“This is the covenant that I will make with them after those days, says the Lord: I will put my laws in their hearts, and I will write them on their minds,” he also adds, “I will remember their sins and their lawless deeds no more.” Where there is forgiveness of these, there is no longer any offering for sin. Therefore, my friends, since we have confidence to enter the sanctuary by the blood of Jesus, by the new and living way that he opened for us through the curtain (that is, through his flesh), and since we have a great priest over the house of God, let us approach with a true heart in full assurance of faith, with our hearts sprinkled clean from an evil conscience and our bodies washed with pure water. Let us hold fast to the confession of our hope without wavering, for he who has promised is faithful. And let us consider how to provoke one another to love and good deeds, not neglecting to meet together, as is the habit of some, but encouraging one another, and all the more as you see the Day approaching.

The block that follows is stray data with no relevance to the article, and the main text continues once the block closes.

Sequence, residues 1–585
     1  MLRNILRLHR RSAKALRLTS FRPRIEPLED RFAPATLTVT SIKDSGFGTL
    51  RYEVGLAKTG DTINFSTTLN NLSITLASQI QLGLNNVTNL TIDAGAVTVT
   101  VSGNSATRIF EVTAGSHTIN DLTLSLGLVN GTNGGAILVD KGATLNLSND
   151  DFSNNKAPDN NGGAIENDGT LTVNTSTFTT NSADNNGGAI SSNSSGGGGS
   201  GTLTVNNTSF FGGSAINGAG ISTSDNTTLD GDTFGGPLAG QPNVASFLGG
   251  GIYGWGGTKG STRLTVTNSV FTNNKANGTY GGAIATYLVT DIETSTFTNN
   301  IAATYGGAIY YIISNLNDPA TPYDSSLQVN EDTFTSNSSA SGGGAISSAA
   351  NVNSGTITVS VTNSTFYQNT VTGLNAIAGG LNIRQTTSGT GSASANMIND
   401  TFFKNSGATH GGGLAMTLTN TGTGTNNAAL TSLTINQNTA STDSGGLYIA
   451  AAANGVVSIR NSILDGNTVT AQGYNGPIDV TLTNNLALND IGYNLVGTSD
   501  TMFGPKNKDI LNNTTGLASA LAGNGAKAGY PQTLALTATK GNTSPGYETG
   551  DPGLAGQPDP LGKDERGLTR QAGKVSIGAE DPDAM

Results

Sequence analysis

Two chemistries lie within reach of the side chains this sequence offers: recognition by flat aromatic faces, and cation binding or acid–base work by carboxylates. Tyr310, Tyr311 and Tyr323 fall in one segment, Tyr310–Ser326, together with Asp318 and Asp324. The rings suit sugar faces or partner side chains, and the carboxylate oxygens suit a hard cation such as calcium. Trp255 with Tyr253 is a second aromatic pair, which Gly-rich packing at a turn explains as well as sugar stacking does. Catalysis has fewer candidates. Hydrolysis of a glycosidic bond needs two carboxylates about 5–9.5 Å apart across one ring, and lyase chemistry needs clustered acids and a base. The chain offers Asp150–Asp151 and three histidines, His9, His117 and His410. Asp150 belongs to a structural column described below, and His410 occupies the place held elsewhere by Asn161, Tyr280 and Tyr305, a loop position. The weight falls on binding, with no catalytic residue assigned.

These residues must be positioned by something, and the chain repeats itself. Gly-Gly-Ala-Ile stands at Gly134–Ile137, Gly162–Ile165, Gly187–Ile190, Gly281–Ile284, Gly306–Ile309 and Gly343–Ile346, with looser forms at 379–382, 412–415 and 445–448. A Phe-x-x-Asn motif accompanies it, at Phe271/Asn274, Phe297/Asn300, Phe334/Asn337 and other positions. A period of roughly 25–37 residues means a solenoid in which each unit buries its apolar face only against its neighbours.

Food For Thought:
The line that stands out to me is: “And let us consider how to provoke one another to love and good deeds.” The word provoke seems amiss in this sentence about love, but the idea that we encourage, we help, we hold one another accountable for love is a powerful image. Think about ways that other Christians have encouraged you to love others. What did they do to help you think of others?
Shepherd of all,
by laying down your life for your flock
you reveal your love for all.
Lead us from the place of death
to the place of abundant life,
that guided by your care for us,
we may rightly offer our lives
in love for you and our neighbors. Amen.
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